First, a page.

I’ve developed a theory that the biggest driver of mindlessness at work comes from lack of communication. Most times, this is connected to the conversations we’re not having about our values, or the boundaries we set (or don’t set) around how we live, honor, and uphold these values at work.
You know the type of non-conversation I am talking about: the really uncomfortable one, where you know what you need to say is going to be awkward and might disappoint another person. Think about it—have you ever edited a response because you felt uncomfortable revealing your thoughts concerning a certain topic?
This might look like:
- Not sharing that you don’t agree that the redesign plan is the best choice.
- Going along with the excitement around a new initiative even though you have serious doubts about its viability.
- Keeping silent about how uncomfortable it makes you that your boss brings her dog to the office every day—and it ends up in your space most of the time even though you really don’t like dogs.
So we halfway share, putting off the conversation we know is coming at some point. And, of course, the longer we avoid having it, the more uncomfortable the conversation can become.
3 Mindful Tips for Tough Conversations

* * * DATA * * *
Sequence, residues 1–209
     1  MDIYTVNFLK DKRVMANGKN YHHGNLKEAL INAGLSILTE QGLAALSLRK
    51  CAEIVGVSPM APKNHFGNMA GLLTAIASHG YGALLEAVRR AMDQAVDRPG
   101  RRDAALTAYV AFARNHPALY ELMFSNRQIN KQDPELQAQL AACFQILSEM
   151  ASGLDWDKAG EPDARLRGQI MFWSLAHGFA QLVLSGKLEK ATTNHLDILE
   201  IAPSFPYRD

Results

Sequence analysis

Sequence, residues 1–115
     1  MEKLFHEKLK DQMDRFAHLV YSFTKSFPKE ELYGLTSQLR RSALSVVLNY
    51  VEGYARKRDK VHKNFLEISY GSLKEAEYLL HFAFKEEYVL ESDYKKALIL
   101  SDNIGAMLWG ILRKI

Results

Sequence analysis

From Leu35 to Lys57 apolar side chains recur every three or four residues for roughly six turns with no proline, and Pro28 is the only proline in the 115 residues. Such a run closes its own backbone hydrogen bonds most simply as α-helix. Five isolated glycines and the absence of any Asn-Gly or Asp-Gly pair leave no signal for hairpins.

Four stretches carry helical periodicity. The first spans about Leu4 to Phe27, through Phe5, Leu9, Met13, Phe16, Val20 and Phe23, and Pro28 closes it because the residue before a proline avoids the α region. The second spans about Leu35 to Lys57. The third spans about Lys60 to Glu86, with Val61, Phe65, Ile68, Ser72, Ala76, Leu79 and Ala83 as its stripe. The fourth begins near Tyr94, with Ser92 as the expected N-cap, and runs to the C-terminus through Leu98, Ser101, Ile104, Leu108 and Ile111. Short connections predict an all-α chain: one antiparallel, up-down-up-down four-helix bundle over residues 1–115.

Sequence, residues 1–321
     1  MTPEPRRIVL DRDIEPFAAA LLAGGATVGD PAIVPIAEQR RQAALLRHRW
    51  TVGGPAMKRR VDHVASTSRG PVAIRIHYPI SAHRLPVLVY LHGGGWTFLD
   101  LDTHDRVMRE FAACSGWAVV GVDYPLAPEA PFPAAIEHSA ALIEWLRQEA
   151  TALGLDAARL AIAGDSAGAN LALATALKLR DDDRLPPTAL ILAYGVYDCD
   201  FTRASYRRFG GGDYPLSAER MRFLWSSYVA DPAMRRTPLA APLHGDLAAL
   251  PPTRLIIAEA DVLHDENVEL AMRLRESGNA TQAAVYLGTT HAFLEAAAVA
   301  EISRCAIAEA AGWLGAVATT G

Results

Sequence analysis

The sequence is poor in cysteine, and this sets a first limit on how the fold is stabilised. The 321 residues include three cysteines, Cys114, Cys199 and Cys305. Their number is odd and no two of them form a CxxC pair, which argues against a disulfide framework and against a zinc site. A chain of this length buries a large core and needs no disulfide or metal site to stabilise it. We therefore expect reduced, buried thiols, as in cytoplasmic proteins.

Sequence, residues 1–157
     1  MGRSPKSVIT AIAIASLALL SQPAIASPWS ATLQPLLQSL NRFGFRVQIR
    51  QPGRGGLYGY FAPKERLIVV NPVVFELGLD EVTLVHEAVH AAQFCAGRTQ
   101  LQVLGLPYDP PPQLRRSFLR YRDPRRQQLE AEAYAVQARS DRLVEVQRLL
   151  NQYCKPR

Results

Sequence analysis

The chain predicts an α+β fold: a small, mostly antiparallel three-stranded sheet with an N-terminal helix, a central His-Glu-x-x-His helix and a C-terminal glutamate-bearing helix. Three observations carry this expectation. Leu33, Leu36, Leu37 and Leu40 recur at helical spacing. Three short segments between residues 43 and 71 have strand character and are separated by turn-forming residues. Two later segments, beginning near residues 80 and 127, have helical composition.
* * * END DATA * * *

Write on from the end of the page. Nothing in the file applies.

Each day we encounter situations where we halfway communicate what we want to express, request, or need. In many cases, we do this because we fear being judged. Here are three way to navigate awkward conversations:
1. Offer context
It isn’t just about assigning blame. It is about creating dialogue around toxic and disruptive issues, so all involved can feel heard and choose to create a different reality. Offer context as to what the issue is, and, ideally, why it’s actually an issue for you. Done in a nonjudgmental way, this kind of sharing builds compassion and allows everyone to get on the same page. It’s when we don’t offer context that the discomfort grows.
2. Invite options
If someone is making a request that isn’t possible, say so and invite a conversation about what is possible. It’s important to ask how that might work for the person making the request. Explaining, offering another solution, and inviting dialogue increases the sense of sharing and collaboration.
Explaining, offering another solution, and inviting dialogue increases the sense of sharing and collaboration.
3. Be sincere
Say what you mean with grace, respect, and as much authenticity as possible. When you speak from the heart, even if others don’t like or agree with the message, the energy behind the intention comes through. Odds are strong that your honesty will help things to shift.
The collective impact from having uncomfortable conversations can be truly transformational. Its effect goes beyond communication in the workplace; it can transform communication in every situation.
The path to navigating this territory with ease starts with awareness. Begin to notice when you are withholding, closing down, or not speaking up. Write about it in a private journal if that’s helpful. Then, with that awareness, begin to experiment with expressing your thoughts, needs, and desires one conversation at a time using the following tips to push through the discomfort.